Myrrh is the resin of two trees that grow in India (C. mukul and C. myrrha). It is frequently used in Ayurvedic medicine. Its primary therapeutic use in traditional formulas is for treatment of arthralgia, back pain, sciatica, and body pain. Modern studies show that its active components have potent anti-inflammatory action. However, a reason for its widespread use in other formulas is because it promotes digestion and alleviates accumulation, so it can be used in therapies for many diseases, including those that involve obesity, atherosclerosis, chronic phlegm production (catarrh), and swelling of the mouth and throat. The analgesic action of myrrh is relied upon in many traditions from the Middle East through India to China. Recent studies also indicate that it lowers blood lipids.
Formula for arthralgia and other pain syndromes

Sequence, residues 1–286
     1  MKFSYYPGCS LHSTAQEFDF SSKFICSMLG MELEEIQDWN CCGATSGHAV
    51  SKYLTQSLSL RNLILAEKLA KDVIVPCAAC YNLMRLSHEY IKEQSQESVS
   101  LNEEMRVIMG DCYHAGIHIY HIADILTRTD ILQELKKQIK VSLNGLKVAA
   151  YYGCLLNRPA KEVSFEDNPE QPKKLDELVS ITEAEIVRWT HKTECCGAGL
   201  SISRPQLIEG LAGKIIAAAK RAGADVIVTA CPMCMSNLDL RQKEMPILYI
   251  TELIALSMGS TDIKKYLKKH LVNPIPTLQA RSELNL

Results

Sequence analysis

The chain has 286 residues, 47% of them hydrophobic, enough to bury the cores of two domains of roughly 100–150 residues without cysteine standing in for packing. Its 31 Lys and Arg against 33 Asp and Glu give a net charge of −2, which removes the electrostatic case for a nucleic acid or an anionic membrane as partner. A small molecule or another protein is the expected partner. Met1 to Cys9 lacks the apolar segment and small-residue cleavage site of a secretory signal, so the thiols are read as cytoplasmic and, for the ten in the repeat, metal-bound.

Rumastal is one example of numerous traditional Ayurvedic formulations used for rheumatism and other pain syndromes. All ten ingredients of this formulation have the properties of preventing accumulations in the joints, overcoming stagnation in blood circulation, and alleviating pain. From the modern perspective, they have anti-inflammatory action; traditionally, they treat the combination of ama accumulation and vata vitiation. Among these herbs are three spices used in preparation of foods: ginger, garlic, and moringa (horseradish); these warming herbs are thought to calm vata (having a cold property in the Ayurvedic description). According to the Charaka Samhita: wind that lodges in the blood causes severe pain with burning sensation; wind located in the flesh produces heaviness and pain of the limbs; and wind lodged in the bones makes one feel as if the joints are breaking.